While North Korea has been largely closed off from the outside world since 1948, some tech does manage to trickle in.
A recent report by a South Korean publication has revealed that smartphone ownership is actually on the rise in North Korea. There is even a clear favourite – the Samsung Galaxy range
Galaxy smartphones, as well as all South Korean products, are contraband in North Korea. But that hasn’t stopped them from being smuggled in.
Yang Un-chul, the vice president of the Sejong Institute in Seoul has spoken to North Korean defectors about smartphone use.
Speaking to The Investor, he said “There are quite a number of North Koreans who are using Galaxy smartphones… it is not about whether they can get their hands on the Samsung smartphones, but about if they can afford to buy.”
Interestingly, Smartphones aren’t banned outright in the DPRK. In fact, there are an estimated five-million users as of 2018.
North Korea has even collaborated with a Chinese company to bring more in. With a significant mark up, of course. For each $US50 phone they bring in, they sell it for around $US250.
According to the NK News, there are several communication networks that exist within North Korea, but are mostly utilised by the elite. There is also a separate network for foreigners who reside within the country.
The reclusive nation has even tried making its own smartphones, such as the Jindallae 3, which was designed and manufactured by North Korea’s Mangyongdae Information Technology Corporation.
While we don’t have access to the specs, it is clearly reminiscent of an iPhone, but also bears similarities to the Samsung Galaxy. This won’t be surprising to anyone who remembers that time that North Korea released a tablet called named the Ryonghung IPad.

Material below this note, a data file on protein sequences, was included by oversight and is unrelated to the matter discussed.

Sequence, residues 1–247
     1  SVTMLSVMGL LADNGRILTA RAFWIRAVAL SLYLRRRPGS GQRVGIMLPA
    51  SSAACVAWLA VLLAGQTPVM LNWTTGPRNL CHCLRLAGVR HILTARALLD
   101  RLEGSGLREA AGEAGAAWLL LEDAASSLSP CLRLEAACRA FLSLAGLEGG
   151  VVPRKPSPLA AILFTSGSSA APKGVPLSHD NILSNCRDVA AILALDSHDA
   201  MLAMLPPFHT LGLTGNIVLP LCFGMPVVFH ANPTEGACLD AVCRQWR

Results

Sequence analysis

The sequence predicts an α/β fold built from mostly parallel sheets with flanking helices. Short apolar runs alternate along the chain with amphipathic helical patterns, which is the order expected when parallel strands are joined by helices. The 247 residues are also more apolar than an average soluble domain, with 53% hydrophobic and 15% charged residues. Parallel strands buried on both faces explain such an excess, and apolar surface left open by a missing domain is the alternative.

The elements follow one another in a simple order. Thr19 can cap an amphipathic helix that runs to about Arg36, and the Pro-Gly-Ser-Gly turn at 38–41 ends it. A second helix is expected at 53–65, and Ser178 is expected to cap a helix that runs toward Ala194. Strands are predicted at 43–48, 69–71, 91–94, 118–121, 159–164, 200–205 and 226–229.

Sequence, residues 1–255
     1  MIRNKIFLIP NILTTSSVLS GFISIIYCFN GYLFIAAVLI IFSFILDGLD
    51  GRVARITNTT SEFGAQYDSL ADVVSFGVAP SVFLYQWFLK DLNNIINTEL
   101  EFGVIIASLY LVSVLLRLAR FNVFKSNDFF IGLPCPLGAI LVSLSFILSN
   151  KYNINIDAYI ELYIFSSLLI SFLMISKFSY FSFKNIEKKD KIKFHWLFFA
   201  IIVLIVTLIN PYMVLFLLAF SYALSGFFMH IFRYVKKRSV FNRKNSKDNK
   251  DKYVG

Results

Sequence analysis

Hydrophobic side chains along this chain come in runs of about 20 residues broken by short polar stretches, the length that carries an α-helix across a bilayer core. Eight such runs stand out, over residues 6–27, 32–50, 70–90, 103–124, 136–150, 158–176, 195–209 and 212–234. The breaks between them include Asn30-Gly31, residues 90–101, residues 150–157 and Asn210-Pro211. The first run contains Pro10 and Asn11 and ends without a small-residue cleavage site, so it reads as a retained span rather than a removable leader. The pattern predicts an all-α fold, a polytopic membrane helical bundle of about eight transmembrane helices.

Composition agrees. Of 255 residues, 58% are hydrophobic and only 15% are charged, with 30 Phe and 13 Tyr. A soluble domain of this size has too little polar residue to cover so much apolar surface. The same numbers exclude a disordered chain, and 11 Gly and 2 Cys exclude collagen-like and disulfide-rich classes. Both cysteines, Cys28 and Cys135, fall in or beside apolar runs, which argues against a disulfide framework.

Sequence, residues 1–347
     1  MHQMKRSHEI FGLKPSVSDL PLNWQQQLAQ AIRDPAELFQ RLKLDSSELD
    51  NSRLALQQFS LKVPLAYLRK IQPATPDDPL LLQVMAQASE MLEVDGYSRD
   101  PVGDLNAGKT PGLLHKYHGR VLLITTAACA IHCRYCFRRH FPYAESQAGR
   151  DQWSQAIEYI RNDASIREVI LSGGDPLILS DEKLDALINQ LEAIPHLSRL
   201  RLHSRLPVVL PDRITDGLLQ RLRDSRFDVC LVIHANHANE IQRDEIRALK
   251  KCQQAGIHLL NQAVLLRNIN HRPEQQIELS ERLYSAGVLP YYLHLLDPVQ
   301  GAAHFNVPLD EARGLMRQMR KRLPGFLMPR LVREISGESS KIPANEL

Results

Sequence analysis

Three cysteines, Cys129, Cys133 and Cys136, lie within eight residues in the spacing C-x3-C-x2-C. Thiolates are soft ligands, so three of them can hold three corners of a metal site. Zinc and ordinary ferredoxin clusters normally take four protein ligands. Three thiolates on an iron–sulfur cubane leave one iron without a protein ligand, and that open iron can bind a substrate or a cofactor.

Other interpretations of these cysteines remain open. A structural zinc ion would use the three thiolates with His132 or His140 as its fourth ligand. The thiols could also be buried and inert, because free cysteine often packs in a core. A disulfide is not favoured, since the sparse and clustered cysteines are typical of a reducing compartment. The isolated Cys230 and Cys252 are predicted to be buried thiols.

Kim Jong-Un is also known to be a fan of Apple, and has been photographed on numerous occasions using and working alongside Apple products.
It is believed that North Korea’s standard operating system, Red Star 3.0, was modelled on OSX and iOS. It prevents users from installing unauthorised apps, as well as thwarting attempts to disable security functions.
The DPRK’s government-sanctioned phones are also stripped of internet access in order to control the access to information to North Korean citizens.
But Black market phones are different. Fitted with Chinese USIM cards, users are able to contact the outside world – often family members and people who have defected to South Korea. Some of the most popular apps used for this are WeChat, Telegram and KakaoTalk.
In order to avoid detection, users of these phones will often replace South Korean logos and origin labels with those from China or Japan.
With the recent talks and negotiations between Kim Jong-un and South Korean President Moon Jae-in, the ban on South Korean products may be lifted in the future. Perhaps citizens will be able to enjoy their beloved Samsung Galaxy phones in public.
While we can’t know that for sure, it is fascinating to think about what North Korea might look like if was on the receiving end of a robust technological injection.